We also examined the effects of the mTOR inhibitors and other targeted drugs on survival and apoptosis in NI-1 cells and other MC lines. As expected, most TKI exerting growth-inhibitory effects also produced major apoptosis-inducing effects. However, as expected, the mTOR blockers, which may primarily act on neoplastic MC via cell cycle inhibition, did not show major pro-apoptotic effects on NI-1 cells.

In a substantial number of patients with (advanced) SM, mediator-related symptoms occur and represent a clinical problem [35-40]. In several of these cases, IgE-dependent reactions can be documented [35-40]. It has also been described that Kit-dependent and IgER-dependent pathways may act in concert to provoke mediator release in MC [41]. However, so far, no MC lines expressing a functional IgER as well as relevant Kit mutations are available [32, 33]. NI-1 cells were found to express the IgER on their surface. In addition, we were able to show that cross-linking of the IgER on NI-1 cells is followed by histamine release. Finally, we were able to show that midostaurin inhibits IgE-dependent secretion of histamine in NI-1 cells, which is in line with the observation that this TKI also blocks IgE-mediated histamine release in human MC and basophils [27].

In summary, we have established a novel canine MC line that may serve as a valuable tool for studying various aspects of neoplastic MC in advanced canine MC tumors. Specifically, this novel cell line should assist in exploring the mechanisms of abnormal growth and drug resistance in canine MC tumors, IgE-dependent activation of neoplastic MC, and the effects of various novel targeted drugs.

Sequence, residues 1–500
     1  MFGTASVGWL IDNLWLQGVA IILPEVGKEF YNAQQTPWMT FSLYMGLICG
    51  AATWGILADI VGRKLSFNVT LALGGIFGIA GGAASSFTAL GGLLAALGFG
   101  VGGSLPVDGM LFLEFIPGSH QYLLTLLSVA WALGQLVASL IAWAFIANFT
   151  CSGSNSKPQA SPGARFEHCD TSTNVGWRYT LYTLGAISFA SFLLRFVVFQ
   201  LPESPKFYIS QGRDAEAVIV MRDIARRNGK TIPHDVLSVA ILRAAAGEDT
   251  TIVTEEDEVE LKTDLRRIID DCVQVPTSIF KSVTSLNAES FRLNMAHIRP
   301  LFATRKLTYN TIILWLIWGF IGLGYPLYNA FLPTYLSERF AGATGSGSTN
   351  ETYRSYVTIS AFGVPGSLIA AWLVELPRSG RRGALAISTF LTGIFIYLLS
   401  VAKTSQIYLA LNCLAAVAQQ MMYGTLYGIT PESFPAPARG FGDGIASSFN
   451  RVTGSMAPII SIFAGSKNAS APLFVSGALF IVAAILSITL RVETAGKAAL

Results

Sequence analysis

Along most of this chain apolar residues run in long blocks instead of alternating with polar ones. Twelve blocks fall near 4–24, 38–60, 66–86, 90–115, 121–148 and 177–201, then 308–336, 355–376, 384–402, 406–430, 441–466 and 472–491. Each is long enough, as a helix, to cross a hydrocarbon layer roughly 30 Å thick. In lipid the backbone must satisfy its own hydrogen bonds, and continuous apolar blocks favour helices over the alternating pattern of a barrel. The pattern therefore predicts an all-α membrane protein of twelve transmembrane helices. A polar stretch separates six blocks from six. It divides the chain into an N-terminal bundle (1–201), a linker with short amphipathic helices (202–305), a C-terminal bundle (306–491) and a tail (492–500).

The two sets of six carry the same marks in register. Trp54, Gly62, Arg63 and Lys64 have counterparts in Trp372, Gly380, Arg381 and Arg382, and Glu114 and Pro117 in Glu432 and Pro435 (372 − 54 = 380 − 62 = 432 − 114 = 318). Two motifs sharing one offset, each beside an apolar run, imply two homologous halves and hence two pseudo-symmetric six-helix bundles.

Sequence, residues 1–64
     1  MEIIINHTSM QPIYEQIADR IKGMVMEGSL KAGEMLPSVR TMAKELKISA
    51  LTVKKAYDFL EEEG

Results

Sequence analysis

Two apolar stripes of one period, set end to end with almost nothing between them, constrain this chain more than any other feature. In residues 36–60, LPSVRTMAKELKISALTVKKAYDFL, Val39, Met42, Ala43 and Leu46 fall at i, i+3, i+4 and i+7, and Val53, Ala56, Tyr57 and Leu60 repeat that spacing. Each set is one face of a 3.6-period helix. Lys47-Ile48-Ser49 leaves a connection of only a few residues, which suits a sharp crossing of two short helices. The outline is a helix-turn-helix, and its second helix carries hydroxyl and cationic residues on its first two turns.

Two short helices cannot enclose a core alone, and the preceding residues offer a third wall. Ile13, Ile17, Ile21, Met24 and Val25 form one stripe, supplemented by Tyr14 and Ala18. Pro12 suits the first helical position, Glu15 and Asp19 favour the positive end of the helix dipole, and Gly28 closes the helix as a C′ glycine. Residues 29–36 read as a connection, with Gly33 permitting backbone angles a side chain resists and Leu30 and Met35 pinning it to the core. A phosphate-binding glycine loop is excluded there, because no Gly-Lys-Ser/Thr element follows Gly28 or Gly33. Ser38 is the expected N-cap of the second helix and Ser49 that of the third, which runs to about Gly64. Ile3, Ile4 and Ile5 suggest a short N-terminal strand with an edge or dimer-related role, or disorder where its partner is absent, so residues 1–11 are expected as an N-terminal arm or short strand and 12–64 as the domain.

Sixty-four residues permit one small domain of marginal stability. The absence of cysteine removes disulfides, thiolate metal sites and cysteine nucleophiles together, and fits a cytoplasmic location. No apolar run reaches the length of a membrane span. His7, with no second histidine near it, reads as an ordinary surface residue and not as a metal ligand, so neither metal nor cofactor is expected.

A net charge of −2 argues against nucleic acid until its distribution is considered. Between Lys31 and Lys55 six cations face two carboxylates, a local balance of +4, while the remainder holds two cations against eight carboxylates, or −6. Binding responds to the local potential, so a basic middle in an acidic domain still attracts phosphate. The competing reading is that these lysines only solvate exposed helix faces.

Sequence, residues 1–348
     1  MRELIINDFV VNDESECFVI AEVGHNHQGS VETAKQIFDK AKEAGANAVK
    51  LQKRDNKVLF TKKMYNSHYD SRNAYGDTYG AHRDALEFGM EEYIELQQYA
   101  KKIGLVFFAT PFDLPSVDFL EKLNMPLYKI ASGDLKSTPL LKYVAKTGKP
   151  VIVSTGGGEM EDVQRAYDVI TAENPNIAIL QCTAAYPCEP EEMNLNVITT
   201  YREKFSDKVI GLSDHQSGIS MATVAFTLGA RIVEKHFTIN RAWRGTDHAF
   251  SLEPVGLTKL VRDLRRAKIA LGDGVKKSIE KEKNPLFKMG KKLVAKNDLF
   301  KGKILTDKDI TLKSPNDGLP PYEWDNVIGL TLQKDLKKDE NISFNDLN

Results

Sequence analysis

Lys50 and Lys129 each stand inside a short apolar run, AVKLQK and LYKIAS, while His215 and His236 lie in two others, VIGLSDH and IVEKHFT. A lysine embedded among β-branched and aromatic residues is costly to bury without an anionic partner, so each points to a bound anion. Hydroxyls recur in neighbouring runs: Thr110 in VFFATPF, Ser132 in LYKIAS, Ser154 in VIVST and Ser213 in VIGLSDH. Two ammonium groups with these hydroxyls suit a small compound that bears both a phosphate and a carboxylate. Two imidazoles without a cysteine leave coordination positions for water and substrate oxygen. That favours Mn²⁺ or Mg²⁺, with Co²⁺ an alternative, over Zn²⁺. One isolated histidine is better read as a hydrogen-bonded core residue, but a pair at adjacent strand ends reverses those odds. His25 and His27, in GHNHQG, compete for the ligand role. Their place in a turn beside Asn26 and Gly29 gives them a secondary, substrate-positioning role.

Acknowledgment

  1. Top of page
  2. Abstract
  3. Materials and methods
  4. Results
  5. Discussion
  6. Acknowledgment
  7. Author contributions
  8. Conflict of interest
  9. References

We would like to thank Elisabeth Wieser, Denise Klein, and Gabriele Stefanzl for skillful technical assistance. Supported by: Von Fircks-Fonds; a Mastocytosis Research Grant of the Clinic for Internal Medicine and Infectious Diseases, University of Veterinary Medicine Vienna; and the Fonds zur Förderung der Wissenschaftlichen Forschung in Österreich – FWF grants #P21173-B13, #SFB-F4611.

Author contributions

  1. Top of page
  2. Abstract
  3. Materials and methods
  4. Results
  5. Discussion
  6. Acknowledgment
  7. Author contributions
  8. Conflict of interest
  9. References

E.H. cultured the cells and performed drug effect experiments; E.H. and M.W. collected samples, analyzed data, and wrote the paper; E.H., B.P., H.H., T.R., S.C-R., K.S., and W.F.P. did sample preparation and/or molecular analysis; T.T and V.Y-G. did sequencing of the kit oncogene and karyotype analysis; T.R. conducted tumorigenicity studies in NSG mice; L.K. performed electron microscopic analysis; and P.V. designed the study, analyzed the data, and wrote the paper.

Conflict of interest

  1. Top of page
  2. Abstract
  3. Materials and methods
  4. Results
  5. Discussion
  6. Acknowledgment
  7. Author contributions
  8. Conflict of interest
  9. References

P.V. received a research grant from Novartis and from BMS and is a consultant with Novartis for a TKI trial in aggressive mastocytosis but has no other conflicts of interest relevant to this manuscript. The remaining authors declare no conflict of interests relevant to this manuscript.

References

  1. Top of page
  2. Abstract
  3. Materials and methods
  4. Results
  5. Discussion
  6. Acknowledgment
  7. Author contributions
  8. Conflict of interest
  9. References